Then finally our Mediator is simple, since we are only mediating connections between radio buttons and the entry field. When the radio button is clicked, it calls the setVoice method in the Mediator, which copies the text into the entry field.

# The Mediator saves a reference to the entry field
# and copies text into the field when setVoice is called

class Mediator():
    # save the entry field reference
    def setEntry(self, entry):
        self.entry = entry
    # copy the text into the entry field
    def setVoice(self, text):
        self.entry.clear()
        self.entry.insert(text)
 

This may seem like a lot of running around to copy text into an entry field, but the Mediator quickly becomes quite important when your program needs to handle interactions among a number of widgets, such as list boxes, push buttons and check boxes. It is probably the most useful and significant of the 23 Design Patterns when you are writing user interfaces.

Improving the Radiobuttons in Python Qt5

Improving the Radiobuttons in Python Qt5

PyQt5 is an alternative GUI interface for Python that you can use instead of Tkinter. Both systems provide ways to create buttons, listboxes, tables, checkboxes and radiobuttons. PyQt5 has a number of advantages, though, including built-in Tooltips. Coding for PyQt is in general as easy or easier than for tkinter, but there are some quirks.

One place where you might find it more troublesome is in the way that it handles Radiobuttons. So, in this article, we show you how to make the QRadioButton class a little friendlier.

Now, the idea of a Radiobutton is that you can only select one button, just like old car radios. This interface is now displayed on some screen in your car, rather than by actual push buttons. But the idea is that if you pick one, any other selected button is unselected.

If you have more than one group of Radiobuttons on a page, you want to find a way to group them so that clicking on a member of one group doesn’t affect the other group. In Tkinter, you do this by associating all the members of one group with a single external variable. Then, whatever button you click changes the value of that variable. So, if you have three buttons, the variable might take on the value 0, 1 or 2.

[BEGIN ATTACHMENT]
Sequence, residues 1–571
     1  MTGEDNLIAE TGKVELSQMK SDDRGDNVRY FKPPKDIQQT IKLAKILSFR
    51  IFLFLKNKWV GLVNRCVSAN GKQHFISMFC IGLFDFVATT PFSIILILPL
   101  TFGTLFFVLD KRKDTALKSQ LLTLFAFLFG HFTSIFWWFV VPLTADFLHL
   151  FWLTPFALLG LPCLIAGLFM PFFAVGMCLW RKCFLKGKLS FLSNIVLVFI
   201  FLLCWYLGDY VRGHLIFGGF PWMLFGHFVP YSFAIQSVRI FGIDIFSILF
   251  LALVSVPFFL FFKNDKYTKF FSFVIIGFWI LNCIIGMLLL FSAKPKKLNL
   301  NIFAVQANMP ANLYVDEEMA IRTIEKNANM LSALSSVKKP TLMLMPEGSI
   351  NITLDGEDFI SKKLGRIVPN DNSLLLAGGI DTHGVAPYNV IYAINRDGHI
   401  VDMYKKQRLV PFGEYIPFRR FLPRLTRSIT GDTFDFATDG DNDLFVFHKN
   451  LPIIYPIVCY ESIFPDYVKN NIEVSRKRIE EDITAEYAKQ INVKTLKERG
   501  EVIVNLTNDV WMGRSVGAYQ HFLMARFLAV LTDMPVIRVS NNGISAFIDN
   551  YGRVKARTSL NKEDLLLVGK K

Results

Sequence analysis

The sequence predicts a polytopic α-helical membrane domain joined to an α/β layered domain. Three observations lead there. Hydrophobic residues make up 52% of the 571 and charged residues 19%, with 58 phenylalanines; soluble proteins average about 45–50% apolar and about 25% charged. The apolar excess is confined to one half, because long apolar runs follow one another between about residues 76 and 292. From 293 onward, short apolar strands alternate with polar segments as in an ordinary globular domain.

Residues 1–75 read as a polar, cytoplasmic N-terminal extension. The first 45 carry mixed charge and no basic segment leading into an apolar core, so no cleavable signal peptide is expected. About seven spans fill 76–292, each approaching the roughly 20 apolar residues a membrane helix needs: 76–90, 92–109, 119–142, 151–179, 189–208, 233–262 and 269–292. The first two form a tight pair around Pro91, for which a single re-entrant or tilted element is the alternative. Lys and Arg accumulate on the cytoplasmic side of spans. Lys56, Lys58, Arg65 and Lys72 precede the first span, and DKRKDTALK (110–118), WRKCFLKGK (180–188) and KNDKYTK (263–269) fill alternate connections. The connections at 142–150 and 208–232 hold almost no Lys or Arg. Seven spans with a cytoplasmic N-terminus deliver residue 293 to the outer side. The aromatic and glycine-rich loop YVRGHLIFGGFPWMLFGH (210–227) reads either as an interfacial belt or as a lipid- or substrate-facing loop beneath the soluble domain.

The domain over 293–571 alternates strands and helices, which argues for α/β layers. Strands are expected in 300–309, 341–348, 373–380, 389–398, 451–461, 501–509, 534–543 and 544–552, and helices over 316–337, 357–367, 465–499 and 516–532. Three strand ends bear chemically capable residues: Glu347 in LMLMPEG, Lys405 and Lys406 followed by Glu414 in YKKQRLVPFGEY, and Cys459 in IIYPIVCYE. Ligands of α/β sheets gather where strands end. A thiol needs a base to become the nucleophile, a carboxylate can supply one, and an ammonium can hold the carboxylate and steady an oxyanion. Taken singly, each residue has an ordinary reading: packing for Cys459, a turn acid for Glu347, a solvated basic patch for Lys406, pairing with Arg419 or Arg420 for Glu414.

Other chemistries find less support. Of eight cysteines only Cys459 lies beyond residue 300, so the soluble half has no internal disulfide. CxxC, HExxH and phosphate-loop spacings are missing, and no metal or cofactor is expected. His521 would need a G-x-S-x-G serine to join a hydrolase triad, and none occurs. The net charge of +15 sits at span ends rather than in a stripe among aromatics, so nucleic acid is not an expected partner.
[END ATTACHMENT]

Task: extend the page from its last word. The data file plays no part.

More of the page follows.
In Qt5, you group the variables by putting them inside a frame or Groupbox. And how do you find out which on was clicked? You have to run through them all to look for which one’s isChecked() status is true. Now, if there are only two buttons this is simple: you only need to check one button. If its status is false, then the other one must be true. 

But what if you have six or more buttons like in this interface for storing cast members in an operetta?

Figure 1: Six radio buttons used in generating a cast table.

In the tkinter approach, you just take the value of that external variable. In PyQt5, you would have to run through them individually or put them in an array (or List) and run through that.

But here is where we have a cooler solution. The QRadioButton is a first class object and you can create derived classes from it really easily. So, all we need to do, is create a RlRadioButton derived from QRadiobutton which contains an index value for each instance of the button. So, we could write

Lead = RlRadioButton(“Lead”, 0)
MinorLead = RlRadioButton(“Minor lead”, 1)

And so forth.  We can then keep the index of the each button in an instance variable: self.index.

class RlRadioButton(QRadioButton):|
    clickIndex = 0    # key of last button selected stored here

    def __init__(self, label, index):
        super().__init__(label)
        self.index= index

Note that the variable clickIndex is a class-level variable There is only one copy of this variable, shared by all six instances of the RlRadioButton class. But how does this variable get set?

It gets set when you click on that RadioButton. We connect the click event for each button to the same method within the button class.